Jamaican-born political activist Marcus Garvey said: “A people without knowledge of their past history, origin and culture is like a tree without roots”.
It sums up the motivation behind Amaning’s “A Tribe Called Progress” project, which kicks off in central London next month with a series of lectures exploring African and diasporan communities’ contributions to human civilization and how to progress in the world today.
Amaning was born in the UK to Ghanaian parents. His dad worked for the UN so he lived and visited many African countries before being sent to Chigwell School, a private boarding school in Essex. He was immediately stereo-typed as a Caribbean ‘Yardie' drug dealer.
“This character was not one I had seen growing up in Africa. It was very odd to me.
“To counter this I was looking to my teachers to show me examples of black innovators in maths, science, philosophy, politics or any kind of civilisation.
“All I was taught was about the slave trade and the civil rights movement in the States, but nothing was mentioned about the decades of civil rights struggle in the UK, so I left school thinking that my forefathers had contributed nothing to civilisation and I should be grateful I was not a slave.”
He went on to study international relations and American studies and held various jobs in the civil service, the last one at the Africa Trade Desk, before joining Invest in Africa which connects African SMEs to contracts, skills and finance.
Throughout his business travels he noticed a pattern, that communities with darker skin were the most subjugated and the poorest. And in the UK it was no different. For example, 40% of the Black community live in poverty according to the UK Government.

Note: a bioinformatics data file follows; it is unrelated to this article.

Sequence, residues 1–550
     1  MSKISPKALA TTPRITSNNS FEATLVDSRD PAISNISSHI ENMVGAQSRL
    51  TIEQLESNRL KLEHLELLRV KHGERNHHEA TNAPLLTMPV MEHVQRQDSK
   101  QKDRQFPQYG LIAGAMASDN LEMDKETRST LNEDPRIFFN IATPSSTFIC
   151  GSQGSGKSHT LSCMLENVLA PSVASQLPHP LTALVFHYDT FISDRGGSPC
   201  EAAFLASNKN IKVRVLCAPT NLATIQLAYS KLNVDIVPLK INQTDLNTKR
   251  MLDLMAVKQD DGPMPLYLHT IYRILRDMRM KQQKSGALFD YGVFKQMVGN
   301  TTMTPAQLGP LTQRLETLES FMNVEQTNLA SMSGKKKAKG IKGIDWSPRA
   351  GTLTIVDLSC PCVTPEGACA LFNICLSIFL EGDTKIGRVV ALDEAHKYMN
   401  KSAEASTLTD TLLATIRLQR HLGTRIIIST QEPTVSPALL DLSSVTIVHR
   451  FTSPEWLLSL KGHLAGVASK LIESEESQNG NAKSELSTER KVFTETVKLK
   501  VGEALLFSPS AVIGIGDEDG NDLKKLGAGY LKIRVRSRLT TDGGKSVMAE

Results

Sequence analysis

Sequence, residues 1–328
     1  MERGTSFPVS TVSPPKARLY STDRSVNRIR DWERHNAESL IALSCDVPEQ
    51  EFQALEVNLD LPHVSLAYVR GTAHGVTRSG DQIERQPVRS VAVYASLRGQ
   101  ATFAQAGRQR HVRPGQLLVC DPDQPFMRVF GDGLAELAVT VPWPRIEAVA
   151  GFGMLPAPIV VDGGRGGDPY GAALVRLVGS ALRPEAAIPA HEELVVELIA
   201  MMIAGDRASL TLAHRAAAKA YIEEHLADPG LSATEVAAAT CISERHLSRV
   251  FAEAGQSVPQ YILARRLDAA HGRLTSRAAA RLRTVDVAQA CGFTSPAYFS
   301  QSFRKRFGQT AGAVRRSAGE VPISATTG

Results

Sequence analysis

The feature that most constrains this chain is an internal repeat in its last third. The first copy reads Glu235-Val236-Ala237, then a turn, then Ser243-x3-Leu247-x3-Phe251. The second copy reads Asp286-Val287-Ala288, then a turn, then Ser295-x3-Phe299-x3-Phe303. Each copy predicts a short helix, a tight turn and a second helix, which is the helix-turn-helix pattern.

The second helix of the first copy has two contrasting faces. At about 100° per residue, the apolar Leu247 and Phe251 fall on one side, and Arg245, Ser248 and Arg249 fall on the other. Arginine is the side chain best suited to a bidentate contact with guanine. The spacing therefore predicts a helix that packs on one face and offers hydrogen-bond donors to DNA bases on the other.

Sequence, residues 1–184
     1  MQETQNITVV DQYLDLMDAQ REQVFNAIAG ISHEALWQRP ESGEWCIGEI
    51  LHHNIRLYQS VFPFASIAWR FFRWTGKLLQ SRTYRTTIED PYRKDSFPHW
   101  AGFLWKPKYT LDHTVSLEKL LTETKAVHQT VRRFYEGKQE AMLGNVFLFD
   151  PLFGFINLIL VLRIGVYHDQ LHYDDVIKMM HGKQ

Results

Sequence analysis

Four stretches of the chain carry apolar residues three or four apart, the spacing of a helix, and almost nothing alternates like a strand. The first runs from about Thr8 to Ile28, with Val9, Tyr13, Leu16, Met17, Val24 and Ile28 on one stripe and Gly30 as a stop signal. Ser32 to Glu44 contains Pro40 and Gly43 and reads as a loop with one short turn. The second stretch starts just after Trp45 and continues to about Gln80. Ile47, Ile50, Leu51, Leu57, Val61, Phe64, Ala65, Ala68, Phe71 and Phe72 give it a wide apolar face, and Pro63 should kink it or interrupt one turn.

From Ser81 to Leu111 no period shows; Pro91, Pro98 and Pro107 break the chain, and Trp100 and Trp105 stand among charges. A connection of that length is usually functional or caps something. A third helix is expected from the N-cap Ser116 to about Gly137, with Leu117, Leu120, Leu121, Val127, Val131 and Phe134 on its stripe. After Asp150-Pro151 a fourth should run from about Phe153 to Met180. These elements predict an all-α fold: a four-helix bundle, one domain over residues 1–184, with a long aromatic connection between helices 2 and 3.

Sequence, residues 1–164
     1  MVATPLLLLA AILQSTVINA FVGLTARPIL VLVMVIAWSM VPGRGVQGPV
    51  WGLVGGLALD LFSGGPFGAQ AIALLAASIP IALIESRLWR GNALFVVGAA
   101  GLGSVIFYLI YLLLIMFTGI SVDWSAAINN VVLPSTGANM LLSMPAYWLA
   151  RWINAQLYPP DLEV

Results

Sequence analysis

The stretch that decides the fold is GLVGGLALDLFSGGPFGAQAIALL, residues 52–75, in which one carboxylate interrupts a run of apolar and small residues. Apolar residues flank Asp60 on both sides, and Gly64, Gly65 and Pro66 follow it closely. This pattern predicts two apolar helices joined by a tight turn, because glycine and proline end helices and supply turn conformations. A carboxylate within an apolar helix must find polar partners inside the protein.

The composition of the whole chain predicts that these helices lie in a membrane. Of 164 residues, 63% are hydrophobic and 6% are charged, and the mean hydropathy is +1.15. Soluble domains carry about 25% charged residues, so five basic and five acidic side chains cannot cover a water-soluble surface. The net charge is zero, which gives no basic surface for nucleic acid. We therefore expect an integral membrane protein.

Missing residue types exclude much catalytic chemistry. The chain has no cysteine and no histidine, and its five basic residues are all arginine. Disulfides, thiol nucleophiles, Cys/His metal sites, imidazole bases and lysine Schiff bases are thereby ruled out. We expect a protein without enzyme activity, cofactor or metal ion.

“It made me question why, and what I was doing with my privilege and resources to make a long-term difference. My work with Invest in Africa allowed me to make that difference in Africa. But I also needed to make a difference for the diasporan communities.”
While doing research for the project, he came across Robin Walker (African Union), a leading historian, “who taught me the rich legacy of African contributions to governance, medicine, science, tech, religion and skills to progress in the 21st century ”.
“Knowing what African and diasporan communities achieved and sacrificed for me to have the opportunities I have today - which is simply not taught at university or school - inspired me.
“It also gave me a whole new perceptive and respect from which to view black people.”
And it is this he aims to impart at his “A Tribe called Progress” lectures.
“If we want to live in an equitable society where everyone can fulfil their potential despite their skin colour, ethnicity or country of origin, then we must first look back at history and figure out why race is still a barrier, what needs to change, what myths and stereotypes must be educated out of us to unite towards progress.
“We must acknowledge the contributions of African predecessors to global advancement and look to see what work still needs to be done to achieve a world where people of colour can go from surviving to thriving.”
For more information click here